You got a minute?

Administration should extend unrealistic six-minute passing period before it’s too late to help students, teachers


Dave Winter

CROWDSOURCING: Arwen Frederiksen (far left) walks down the hallway before school starts to re-familiarize themselves with the campus. “[The hallways] were definitely busier than I expected,” Frederiksen said. After almost a year and a half of virtual learning, Frederiksen expresses how they are simply happy to be around other people once again. “I haven’t seen a bunch of my just school friends in forever,” Frederiksen said. “It was great.” Reporting by Alysa Spiro.

Naomi DiCapua and Sophie Leung-Lieu

It’s 2:58. You glance down at your phone and stand up, sliding it into your pocket. You push your way through the crowd at the door, stepping into the hallway as the bell rings. 2:59—it’s go time. You snake your way through the hallway, trying to make it to the next class, praying you don’t trip or run into someone. You’re close to class, but you won’t make it in time. 3:05. That’s the second bell. You’re late.

Unfortunate or not, this scenario is now the reality for many students. It’s an issue that creates unnecessary stress on both students and teachers.

Students don’t have enough time to get from one end of the school to another. At a school like McCallum, many students must travel the length of the campus between classes. Passing periods should accommodate and support that long-distance journey.

Currently, six-minute passing periods hardly give students enough time to get from class to class, let alone accommodate the wide variety of necessary detours. If a student needs to use the restroom, ask their teacher a question or even be stopped in the hallway, the passing period doesn’t allow for a student to handle that business and still make it to class on time.

Furthermore, the short lunch of 40 minutes is less than in previous years and leaves students with less time to rest and regroup mentally before the second half of the day. With an extended passing period, students could have time to regroup before their next class and have a brain break without the pressure of not having enough time.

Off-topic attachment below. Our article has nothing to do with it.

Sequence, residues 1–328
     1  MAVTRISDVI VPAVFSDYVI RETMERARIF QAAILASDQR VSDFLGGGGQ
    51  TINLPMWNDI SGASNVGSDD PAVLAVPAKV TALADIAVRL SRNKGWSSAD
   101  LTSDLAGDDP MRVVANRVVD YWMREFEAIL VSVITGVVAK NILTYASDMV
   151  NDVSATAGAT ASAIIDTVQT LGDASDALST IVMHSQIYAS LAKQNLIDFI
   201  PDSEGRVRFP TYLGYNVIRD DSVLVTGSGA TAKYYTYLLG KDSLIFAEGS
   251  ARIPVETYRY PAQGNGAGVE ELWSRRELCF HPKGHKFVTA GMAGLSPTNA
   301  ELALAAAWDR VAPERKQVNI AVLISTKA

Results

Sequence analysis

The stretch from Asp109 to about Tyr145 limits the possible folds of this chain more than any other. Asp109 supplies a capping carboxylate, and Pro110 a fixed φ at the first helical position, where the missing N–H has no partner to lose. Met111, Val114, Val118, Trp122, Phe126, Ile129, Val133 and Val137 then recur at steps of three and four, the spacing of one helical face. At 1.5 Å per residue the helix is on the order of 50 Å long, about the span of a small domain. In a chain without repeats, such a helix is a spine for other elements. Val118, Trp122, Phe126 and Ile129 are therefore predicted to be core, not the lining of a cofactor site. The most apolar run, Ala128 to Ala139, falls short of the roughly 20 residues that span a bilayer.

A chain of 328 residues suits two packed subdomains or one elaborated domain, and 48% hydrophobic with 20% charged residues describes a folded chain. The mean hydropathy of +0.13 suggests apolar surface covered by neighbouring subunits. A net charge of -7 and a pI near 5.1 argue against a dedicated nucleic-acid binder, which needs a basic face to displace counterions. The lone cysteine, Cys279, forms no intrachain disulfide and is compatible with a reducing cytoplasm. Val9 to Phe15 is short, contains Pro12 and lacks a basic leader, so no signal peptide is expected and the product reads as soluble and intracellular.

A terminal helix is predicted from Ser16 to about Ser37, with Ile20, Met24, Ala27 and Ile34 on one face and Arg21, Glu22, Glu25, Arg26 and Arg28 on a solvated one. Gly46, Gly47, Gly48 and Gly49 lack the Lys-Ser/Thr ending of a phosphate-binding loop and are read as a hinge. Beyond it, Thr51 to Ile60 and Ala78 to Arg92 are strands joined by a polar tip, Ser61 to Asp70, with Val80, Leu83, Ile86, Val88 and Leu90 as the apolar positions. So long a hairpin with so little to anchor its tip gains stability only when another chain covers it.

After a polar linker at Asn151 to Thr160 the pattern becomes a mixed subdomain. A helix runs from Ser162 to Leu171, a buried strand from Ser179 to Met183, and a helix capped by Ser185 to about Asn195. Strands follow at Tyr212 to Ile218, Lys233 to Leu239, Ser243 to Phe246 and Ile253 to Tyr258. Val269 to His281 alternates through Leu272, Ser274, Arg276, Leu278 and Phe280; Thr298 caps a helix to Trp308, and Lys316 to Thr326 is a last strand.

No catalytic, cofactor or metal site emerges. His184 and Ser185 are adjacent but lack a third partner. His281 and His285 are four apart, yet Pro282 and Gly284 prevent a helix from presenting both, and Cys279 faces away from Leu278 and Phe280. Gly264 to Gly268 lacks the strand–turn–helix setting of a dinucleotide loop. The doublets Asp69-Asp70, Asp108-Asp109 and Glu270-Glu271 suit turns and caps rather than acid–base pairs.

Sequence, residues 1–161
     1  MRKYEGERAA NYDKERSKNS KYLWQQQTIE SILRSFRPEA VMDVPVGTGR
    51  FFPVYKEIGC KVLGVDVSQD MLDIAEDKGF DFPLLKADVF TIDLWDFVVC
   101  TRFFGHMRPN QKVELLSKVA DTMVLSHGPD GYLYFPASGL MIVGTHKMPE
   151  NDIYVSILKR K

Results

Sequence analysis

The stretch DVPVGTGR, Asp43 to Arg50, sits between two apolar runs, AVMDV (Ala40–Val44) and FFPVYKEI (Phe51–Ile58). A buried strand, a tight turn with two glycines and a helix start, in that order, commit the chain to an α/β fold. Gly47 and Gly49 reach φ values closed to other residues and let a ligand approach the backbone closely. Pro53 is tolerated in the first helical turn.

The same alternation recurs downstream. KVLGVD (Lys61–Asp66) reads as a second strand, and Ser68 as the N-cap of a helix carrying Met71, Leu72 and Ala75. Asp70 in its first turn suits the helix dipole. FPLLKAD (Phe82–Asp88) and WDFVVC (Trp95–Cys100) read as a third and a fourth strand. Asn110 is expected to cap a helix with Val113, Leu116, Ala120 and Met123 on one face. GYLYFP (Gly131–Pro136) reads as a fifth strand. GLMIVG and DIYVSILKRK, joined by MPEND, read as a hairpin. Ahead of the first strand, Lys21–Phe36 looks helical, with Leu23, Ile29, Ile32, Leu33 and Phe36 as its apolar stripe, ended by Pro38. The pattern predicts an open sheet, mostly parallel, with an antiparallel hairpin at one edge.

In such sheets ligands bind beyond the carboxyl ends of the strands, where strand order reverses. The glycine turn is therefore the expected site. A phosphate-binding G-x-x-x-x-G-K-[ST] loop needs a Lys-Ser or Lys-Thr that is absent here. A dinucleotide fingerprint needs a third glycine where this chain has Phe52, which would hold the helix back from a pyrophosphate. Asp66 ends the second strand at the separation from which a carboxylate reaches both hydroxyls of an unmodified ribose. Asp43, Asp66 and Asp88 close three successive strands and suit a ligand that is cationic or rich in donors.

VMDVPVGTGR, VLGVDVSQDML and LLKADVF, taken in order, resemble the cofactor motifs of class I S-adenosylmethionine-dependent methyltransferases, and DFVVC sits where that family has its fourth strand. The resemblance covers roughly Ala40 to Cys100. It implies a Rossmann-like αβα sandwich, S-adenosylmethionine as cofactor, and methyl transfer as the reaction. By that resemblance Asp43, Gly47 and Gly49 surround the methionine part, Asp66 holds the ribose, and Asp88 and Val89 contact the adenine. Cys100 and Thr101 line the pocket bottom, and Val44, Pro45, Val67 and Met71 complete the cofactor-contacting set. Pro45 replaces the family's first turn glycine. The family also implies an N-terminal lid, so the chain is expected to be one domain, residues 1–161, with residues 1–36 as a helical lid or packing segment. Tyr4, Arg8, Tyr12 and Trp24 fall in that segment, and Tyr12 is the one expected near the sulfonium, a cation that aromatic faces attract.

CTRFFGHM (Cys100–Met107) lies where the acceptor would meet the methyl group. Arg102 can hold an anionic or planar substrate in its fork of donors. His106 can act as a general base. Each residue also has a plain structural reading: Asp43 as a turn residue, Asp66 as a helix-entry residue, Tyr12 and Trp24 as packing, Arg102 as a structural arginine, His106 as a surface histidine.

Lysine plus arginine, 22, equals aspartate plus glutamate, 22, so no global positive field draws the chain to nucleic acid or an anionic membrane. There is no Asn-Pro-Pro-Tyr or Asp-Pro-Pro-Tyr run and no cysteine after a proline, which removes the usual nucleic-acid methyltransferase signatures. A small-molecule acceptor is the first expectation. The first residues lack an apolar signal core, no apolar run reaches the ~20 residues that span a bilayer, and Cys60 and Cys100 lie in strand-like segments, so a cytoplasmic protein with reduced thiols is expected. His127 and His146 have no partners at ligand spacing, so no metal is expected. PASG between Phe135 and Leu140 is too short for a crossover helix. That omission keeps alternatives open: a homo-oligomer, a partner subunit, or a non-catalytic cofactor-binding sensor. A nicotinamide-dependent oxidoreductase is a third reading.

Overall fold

McCallum has consistently attempted to provide students with mental-health assistance, so why doesn’t the school simply build one of the simplest stress-reducing solutions into the students’ daily schedule?

n an Oct. 12 poll conducted on MacJournalism’s Instagram, 90% of the 752 students who responded said that passing periods were too short for students to get to class on time.

While it may seem like this is entirely a student issue, longer passing periods would benefit teachers as well. With longer passing periods, faculty can be allowed to prepare for classes, answer student questions and respond to emails. It also gives them time to socialize or complete work that cannot be done while they are busy teaching classes.

The solutions to this issue are numerous, and most of them will allow the school to maintain similar hours. Taking minimal time out of advisory or classes may allow a couple of minutes to re-allocated to passing periods.

McCallum could also return to the seven-minute passing period schedule that it had in 2019, which included the school day beginning at 9 a.m. as opposed to 9:05.

Because students and staff could benefit from time in between classes, the length of passing periods need to be extended. This extension will increase productivity throughout the school day and limit concerns students may have, while also changing how crowded the hallways have become.